The need to use repeating Sig segments for compound expressions greatly expands the information needed to represent instructions that require relatively few words in English. Allowing quantity fields, such as the dose quantity, to take on ranges, such as ‘1 to 2,’ rather than repeating the entire Sig segment with the dose quantity field taking only the individual values in the range, would avoid ambiguities that might arise from combining numeric range repeats with other kinds of repeats, such as ‘AND’ or ‘THEN’ multi-part instructions. Newer data formats such as XML can accommodate such complex data structures. A similar approach might also be used to efficiently accommodate multiple instances of vehicle, route of administration, site of administration, administration timing, indication, and maximum dose restriction, for which there is currently no method of representation.
Because missing information was one of the more frequent causes for prescriptions to be inadequately specified, it might improve the current Format to make more segments or fields mandatory. Dose quantity, for instance, may be made mandatory as it is a critical component of patient instructions. A caveat is that mandatory use of the dose fields might create problems for Sigs of topical medications, which are not accommodated by the current Format. In addition, timing-related fields and the indication segment, another key element of patient instructions, are optional. Some inadequately specified instructions might be avoided by making it mandatory that at least one set of the following fields should be used: frequency numeric value and frequency unit, interval numeric value and interval unit, administration timing, or indication precursor. This would make timing information optional for PRN prescriptions but otherwise required for patient safety.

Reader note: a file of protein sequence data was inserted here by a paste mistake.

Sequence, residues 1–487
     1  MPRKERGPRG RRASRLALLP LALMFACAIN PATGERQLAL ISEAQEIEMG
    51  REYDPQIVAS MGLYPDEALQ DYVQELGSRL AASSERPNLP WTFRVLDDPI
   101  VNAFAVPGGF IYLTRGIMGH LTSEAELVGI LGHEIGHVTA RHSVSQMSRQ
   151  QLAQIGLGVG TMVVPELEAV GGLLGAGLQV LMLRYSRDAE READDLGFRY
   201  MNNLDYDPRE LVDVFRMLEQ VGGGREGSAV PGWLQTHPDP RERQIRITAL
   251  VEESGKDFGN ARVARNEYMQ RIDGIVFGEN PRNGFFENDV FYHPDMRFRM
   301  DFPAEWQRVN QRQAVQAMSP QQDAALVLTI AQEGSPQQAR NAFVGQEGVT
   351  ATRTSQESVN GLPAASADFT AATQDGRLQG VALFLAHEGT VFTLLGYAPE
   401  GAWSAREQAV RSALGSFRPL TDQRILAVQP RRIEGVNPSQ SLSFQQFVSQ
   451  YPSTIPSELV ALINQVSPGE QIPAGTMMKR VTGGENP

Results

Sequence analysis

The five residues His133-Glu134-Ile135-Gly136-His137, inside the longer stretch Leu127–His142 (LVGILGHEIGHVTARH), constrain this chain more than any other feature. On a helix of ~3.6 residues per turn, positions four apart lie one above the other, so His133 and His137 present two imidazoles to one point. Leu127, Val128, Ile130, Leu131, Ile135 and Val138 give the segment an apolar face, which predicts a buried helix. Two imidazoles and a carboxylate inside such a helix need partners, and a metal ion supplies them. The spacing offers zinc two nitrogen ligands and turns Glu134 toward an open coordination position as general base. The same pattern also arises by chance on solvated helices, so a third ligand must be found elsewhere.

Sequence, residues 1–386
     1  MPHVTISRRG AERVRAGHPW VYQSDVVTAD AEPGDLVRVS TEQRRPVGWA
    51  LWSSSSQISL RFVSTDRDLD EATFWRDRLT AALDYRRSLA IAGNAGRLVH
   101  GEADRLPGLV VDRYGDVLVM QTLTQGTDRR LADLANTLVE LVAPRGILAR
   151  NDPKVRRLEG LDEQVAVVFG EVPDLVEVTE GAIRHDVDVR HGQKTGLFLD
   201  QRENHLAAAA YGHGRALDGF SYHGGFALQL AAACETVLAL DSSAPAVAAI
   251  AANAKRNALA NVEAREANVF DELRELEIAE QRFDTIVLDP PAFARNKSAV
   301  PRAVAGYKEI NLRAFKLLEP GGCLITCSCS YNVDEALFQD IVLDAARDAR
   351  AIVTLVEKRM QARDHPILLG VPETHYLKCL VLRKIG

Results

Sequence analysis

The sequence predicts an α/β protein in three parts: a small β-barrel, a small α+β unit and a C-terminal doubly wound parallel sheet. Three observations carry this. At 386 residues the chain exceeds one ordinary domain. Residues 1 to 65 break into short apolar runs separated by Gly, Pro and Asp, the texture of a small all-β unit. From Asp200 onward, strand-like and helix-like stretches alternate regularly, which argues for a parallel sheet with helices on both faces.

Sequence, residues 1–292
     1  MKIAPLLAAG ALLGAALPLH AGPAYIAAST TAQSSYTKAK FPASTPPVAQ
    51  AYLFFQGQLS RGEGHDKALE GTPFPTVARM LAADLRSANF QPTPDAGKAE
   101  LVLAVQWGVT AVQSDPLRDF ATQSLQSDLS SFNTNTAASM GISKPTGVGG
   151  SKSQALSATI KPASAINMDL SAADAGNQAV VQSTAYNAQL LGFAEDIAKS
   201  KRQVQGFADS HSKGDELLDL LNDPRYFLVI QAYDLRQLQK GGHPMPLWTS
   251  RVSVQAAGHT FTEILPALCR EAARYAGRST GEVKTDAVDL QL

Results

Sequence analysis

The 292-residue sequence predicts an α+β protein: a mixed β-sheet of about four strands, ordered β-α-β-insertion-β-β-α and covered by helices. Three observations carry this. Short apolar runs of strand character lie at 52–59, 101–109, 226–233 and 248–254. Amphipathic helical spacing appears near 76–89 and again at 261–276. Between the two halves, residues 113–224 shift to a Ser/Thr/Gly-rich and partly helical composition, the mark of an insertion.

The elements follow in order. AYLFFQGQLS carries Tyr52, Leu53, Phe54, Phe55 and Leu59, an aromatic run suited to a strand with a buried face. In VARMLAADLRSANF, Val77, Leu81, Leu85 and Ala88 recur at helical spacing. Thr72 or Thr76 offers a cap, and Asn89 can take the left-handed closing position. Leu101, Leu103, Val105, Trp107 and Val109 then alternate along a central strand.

Resolution is also needed on the question of whether prescriber-edited free text instructions should be allowed to coexist with values in the structured and codified fields versus only permitting ‘pure free text’ instructions (with no values in the structured and codified fields) if any editing or supplemental instructions are added, to prevent potential inconsistencies. One possible solution would be to create two text fields, one for reconstructed text from the structured fields, which the prescriber could not edit, and a separate ‘additional instructions’ field where they enter additional information. If prescribers were shown the reconstruction of what is already in the structured fields adjacent to where they are typing additional instructions, this could potentially reduce the possibility of entering conflicting information.